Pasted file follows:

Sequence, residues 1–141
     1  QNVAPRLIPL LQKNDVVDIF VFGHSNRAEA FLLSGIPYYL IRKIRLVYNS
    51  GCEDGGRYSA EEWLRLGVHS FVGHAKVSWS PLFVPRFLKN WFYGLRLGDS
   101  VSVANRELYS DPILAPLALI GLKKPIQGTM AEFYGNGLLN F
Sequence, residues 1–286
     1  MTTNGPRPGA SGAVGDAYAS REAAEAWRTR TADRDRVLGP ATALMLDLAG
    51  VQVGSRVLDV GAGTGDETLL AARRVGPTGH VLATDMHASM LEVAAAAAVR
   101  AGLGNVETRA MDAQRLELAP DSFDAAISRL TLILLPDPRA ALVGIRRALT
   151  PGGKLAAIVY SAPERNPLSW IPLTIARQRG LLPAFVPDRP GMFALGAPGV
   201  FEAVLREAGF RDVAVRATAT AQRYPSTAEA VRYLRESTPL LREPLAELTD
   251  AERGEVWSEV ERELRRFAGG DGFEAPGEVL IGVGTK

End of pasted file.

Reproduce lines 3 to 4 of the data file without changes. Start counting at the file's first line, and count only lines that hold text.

    51  GCEDGGRYSA EEWLRLGVHS FVGHAKVSWS PLFVPRFLKN WFYGLRLGDS
   101  VSVANRELYS DPILAPLALI GLKKPIQGTM AEFYGNGLLN F